Chick Corea died on February 9, 2021, due to “a rare form of cancer which was only discovered very recently,” as was announced on social media. He was 79-years-old, and leaves behind a legacy as a pioneer of jazz fusion, but his musical output never stopped — from his earlier career working with Miles Davis all the way to his 2020 double album “Plays.” He’s one of the biggest winners in the history of the Grammys, and he could actually increase that total this year, albeit posthumously.
His first recognition from the recording academy came in 1974 with a pair of nominations: Best Instrumental Arrangement (“Spain”) and Best Jazz Performance by a Group (“Light as a Feather” with his band Return to Forever). He didn’t win those prizes, but that’s okay. Over the next 46 years he accumulated 23 Grammys out of a total 67 nominations. That places him eighth on the list of the all-time biggest winners.
Corea has two more nominations this year: Best Improvised Jazz Solo (“All Blues”) and Best Jazz Instrumental Album (“Trilogy 2” with Christian McBride and Brian Blade). Voting for this year’s winners took place well before the news of his death, but he’s a likely winner on March 14 even without that incentive to honor his work. The last time he went into these awards with a nomination and didn’t win at least one category was 2005 when he lost Best Instrumental Arrangement for “The Long Passage.” It’s a testament to his longevity that in a career spanning more than half a century, the majority of his Grammy wins (13) have actually come since 2000.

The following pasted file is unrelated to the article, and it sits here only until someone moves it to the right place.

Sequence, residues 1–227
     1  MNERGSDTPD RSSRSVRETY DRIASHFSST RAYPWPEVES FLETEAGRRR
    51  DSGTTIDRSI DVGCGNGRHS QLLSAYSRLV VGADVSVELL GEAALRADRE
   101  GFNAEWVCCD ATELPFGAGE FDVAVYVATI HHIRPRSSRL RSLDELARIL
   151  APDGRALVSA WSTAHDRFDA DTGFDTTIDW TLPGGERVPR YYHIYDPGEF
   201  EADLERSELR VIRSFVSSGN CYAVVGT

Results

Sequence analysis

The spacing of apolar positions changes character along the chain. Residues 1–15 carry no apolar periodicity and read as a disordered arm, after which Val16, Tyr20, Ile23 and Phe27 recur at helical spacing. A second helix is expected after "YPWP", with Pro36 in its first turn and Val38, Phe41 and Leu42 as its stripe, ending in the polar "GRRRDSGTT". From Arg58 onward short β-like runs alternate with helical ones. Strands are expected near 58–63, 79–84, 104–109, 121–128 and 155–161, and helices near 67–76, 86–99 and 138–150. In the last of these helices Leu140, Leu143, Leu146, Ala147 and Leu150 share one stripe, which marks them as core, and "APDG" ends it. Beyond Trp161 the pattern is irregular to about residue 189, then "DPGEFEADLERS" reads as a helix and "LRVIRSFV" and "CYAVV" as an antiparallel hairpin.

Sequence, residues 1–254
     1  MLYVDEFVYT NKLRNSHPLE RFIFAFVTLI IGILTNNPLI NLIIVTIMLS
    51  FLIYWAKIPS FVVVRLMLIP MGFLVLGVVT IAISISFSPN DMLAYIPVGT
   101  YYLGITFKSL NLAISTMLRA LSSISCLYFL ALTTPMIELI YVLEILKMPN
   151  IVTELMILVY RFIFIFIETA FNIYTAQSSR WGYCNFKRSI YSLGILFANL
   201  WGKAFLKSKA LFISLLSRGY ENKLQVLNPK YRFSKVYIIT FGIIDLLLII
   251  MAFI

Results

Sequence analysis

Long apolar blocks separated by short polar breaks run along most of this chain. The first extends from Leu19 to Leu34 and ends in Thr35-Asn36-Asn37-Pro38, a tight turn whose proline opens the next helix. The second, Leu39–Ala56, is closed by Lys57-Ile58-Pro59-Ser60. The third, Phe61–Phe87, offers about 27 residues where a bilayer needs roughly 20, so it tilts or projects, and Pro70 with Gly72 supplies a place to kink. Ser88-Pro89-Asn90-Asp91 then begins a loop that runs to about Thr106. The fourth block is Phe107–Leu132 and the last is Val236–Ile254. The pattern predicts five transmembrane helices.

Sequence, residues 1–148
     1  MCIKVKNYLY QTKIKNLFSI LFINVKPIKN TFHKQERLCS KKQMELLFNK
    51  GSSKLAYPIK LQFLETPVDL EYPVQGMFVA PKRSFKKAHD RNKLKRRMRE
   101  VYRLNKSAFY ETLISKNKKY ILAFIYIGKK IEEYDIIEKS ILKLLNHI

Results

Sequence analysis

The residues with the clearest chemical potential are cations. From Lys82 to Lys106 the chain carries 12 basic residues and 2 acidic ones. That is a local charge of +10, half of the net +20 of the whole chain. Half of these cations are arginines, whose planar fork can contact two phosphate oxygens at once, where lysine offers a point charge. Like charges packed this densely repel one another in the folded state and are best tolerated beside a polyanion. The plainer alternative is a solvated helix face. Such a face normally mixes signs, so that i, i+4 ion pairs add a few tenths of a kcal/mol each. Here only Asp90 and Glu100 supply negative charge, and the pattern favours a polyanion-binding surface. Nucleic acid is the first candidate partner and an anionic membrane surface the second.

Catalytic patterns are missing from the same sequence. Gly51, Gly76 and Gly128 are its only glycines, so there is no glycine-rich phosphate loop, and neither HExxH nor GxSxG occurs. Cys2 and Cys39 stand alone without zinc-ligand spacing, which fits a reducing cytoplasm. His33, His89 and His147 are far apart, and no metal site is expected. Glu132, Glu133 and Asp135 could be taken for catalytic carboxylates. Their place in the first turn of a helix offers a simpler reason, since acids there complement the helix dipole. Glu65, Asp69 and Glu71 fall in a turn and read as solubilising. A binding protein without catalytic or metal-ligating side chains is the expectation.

“It is my hope that those who have an inkling to play, write, perform or otherwise, do so. If not for yourself then for the rest of us. It’s not only that the world needs more artists, it’s also just a lot of fun,” he said in a final message to his fans, friends and peers. “My mission has always been to bring the joy of creating anywhere I could, and to have done so with all the artists that I admire so dearly — this has been the richness of my life.”
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